Spondylolisthesis is a condition which can cause lower-back pain wherein a lumbar vertebra slides out of place. The fifth lumbar vertebra (L5), located above the sacrum, is most prone to Lumbosacral Spondylolisthesis, followed by the fourth lumbar vertebra (L4). Spondylolisthesis is a key factor behind back pain in teenagers, mostly during the teen-age growth spurt, while Degenerative Spondylolisthesis is common in individuals over 40 years. Below is a more detailed look at Lumbosacral Spondylolisthesis, with special emphasis on surgical and physical therapy treatment. Read on!
Lumbosacral Spondylolisthesis Treatment
Conservative treatment methods are usually effective in managing Spondylolisthesis, wherein using anti-inflammatory medications or steroids such as cortisone, can significantly reduce low-back pain. Physical therapy treatment is often incorporated into spondylolisthesis treatment. Such exercises for Lumbosacral Spondylolisthesis treatment focus on strengthening and improving the flexibility of the abdominal and lower-back muscles.
Under the conservative treatment method, the patient is advised to refrain from sports and other activities until the pain subsides. Over-the-counter, non-steroidal anti-inflammatory drugs, such as naproxen (Aleve or Naprosyn) and ibuprofen (Motrin) help in reducing inflammation and pain. Some cases, however, require epidural steroid injections (ESI’s), administered directly into the vertebra to reduce inflammation and alleviate pain.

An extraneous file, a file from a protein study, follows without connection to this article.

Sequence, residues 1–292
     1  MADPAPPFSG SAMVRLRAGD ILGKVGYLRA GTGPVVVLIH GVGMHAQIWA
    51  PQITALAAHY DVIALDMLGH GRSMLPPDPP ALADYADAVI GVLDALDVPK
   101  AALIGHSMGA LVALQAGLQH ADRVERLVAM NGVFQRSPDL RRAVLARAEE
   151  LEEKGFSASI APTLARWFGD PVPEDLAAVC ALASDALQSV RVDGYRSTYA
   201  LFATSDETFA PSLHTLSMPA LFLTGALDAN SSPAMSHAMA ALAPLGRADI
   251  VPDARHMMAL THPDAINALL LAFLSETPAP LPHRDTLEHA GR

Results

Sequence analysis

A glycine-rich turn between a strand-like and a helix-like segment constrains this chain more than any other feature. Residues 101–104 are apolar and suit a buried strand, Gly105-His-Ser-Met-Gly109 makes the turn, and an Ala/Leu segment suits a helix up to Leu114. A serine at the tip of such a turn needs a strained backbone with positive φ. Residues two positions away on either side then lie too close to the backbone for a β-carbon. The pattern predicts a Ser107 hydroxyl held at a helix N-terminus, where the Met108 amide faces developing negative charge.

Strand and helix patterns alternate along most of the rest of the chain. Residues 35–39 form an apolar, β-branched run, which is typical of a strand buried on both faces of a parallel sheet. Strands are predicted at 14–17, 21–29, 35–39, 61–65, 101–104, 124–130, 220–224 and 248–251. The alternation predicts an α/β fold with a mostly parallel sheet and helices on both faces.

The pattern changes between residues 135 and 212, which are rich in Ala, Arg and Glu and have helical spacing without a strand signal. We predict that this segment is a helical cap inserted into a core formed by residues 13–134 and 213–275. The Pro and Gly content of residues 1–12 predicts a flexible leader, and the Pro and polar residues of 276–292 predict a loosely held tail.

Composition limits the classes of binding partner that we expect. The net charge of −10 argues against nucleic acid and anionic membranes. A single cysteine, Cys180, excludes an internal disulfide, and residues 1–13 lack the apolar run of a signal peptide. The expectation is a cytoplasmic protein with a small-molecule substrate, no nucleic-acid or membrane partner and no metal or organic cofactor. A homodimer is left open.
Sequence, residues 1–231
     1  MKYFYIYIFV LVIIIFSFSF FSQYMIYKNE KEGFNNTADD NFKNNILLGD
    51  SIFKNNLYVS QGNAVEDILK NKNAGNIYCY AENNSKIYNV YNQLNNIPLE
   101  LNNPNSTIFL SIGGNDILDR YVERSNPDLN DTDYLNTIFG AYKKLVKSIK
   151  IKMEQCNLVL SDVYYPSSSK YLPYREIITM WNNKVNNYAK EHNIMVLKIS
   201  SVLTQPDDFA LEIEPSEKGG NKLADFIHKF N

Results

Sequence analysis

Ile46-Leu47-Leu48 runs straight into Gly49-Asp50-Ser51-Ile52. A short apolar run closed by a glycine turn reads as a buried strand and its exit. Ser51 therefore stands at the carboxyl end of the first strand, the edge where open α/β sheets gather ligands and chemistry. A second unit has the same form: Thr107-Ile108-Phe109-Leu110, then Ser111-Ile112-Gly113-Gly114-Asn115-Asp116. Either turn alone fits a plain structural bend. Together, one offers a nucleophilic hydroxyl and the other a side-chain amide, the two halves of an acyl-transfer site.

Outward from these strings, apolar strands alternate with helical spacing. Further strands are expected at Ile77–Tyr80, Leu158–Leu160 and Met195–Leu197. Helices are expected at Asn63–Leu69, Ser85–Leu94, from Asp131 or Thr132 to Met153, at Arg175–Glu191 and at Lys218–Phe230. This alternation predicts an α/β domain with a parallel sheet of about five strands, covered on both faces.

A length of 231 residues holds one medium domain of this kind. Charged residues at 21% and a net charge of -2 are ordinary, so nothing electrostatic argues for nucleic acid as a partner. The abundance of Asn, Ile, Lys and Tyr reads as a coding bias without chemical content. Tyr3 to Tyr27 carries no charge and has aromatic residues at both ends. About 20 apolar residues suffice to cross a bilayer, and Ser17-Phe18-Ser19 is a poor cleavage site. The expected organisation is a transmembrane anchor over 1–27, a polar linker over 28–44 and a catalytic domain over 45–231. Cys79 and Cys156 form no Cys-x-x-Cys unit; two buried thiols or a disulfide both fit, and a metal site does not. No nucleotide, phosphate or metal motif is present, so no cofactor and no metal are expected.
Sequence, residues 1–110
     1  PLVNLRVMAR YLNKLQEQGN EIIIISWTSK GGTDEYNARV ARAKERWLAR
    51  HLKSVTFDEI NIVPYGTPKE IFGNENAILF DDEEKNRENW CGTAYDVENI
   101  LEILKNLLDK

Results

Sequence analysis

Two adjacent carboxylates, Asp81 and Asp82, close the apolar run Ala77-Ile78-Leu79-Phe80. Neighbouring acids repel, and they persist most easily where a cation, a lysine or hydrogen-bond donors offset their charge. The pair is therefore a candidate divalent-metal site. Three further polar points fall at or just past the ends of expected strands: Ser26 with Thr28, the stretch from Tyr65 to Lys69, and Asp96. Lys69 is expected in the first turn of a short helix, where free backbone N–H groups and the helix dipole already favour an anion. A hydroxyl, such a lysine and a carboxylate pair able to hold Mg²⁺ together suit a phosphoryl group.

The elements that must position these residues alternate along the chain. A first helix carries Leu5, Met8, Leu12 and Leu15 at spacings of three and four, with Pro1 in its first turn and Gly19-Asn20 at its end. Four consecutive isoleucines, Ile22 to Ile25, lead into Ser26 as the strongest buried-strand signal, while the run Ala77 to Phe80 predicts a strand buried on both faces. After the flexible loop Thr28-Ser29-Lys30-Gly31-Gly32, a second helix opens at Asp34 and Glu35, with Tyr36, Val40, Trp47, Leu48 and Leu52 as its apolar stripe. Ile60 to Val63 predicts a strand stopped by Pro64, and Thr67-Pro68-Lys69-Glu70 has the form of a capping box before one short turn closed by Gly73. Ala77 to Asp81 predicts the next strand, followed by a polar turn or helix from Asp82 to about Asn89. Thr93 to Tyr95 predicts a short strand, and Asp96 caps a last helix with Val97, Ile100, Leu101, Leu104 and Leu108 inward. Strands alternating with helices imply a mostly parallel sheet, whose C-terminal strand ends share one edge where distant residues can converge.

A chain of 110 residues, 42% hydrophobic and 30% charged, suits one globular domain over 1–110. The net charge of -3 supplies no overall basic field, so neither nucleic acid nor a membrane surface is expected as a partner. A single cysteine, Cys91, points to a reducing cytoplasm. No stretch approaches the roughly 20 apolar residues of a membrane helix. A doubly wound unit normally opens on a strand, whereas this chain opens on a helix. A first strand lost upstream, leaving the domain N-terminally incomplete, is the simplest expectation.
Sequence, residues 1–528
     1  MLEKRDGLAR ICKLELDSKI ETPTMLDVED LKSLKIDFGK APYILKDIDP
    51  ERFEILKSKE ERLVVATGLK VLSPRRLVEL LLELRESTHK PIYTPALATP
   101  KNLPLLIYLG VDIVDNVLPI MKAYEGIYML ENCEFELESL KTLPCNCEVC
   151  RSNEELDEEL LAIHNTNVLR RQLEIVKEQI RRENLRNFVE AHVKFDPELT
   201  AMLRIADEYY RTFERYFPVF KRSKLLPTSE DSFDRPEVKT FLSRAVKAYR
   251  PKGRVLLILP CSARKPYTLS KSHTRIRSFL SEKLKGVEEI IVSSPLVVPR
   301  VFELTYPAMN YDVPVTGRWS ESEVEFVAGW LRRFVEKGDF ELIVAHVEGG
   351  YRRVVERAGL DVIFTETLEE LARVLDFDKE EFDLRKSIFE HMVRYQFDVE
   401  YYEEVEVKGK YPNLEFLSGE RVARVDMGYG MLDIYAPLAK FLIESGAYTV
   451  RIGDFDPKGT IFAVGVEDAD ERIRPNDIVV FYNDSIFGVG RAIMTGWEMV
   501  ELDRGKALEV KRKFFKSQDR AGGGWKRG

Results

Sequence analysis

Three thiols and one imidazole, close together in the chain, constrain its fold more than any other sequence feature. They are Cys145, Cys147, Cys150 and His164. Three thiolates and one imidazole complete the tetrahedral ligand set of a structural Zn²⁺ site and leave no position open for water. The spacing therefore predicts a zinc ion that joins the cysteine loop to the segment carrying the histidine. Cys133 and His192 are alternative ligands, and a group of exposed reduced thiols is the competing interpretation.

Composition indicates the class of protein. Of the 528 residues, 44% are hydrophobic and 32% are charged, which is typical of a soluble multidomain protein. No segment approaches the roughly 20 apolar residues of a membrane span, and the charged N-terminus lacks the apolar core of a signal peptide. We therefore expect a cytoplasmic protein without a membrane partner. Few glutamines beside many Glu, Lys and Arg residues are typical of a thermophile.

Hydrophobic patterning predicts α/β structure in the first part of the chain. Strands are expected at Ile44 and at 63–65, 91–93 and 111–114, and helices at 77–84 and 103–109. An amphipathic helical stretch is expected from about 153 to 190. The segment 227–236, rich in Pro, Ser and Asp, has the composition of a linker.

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Stabilization exercises are one of the most important forms of spondylolisthesis treatment in the absence of surgery. These core exercises help strengthen abdominal and back muscles, while reducing the spinal movement. In most cases, patients require 8 to 12 weeks of aggressive daily physical therapy and stabilization exercises to achieve clinical improvement.
Surgery might be a necessary option, in cases where the vertebra continues to slip, or where the pain is not alleviated by using conservative treatments. Primary objectives of spondylolisthesis surgery, include stabilizing the spine, relieving the pain, and restoring the patient’s body functions.
The procedure involves removal of part of the bone, pressing against the nerves. While the surgery helps in reducing pain, it may also leave the spinal column unstable.
The spinal fusion procedure provides stability to the vertebrae. In fusion surgery, the spinal disc is removed and replaced by a cage or bone graft. Rods, screws and a bone graft may be implanted to the rear end of the spine at the same time. With time, the bone graft heals and fuses with the spine, thereby, stabilizing and keeping it in place.
Not every patient responds positively to conservative modes of spondylolisthesis treatment, for which surgeons have to resort to surgical correction of the spinal column. Surgery usually involves fusion of the slipping joint in the spine, or reduction of the pressure on the vertebral column via a laminectomy. If you have any questions on Lumbosacral Spondylolisthesis or Degenerative spine conditions, experts at Texas Health Spine and Orthopedic Center can help. To schedule an appointment, fill out our online booking form or give us a call at +1-888-608-4762.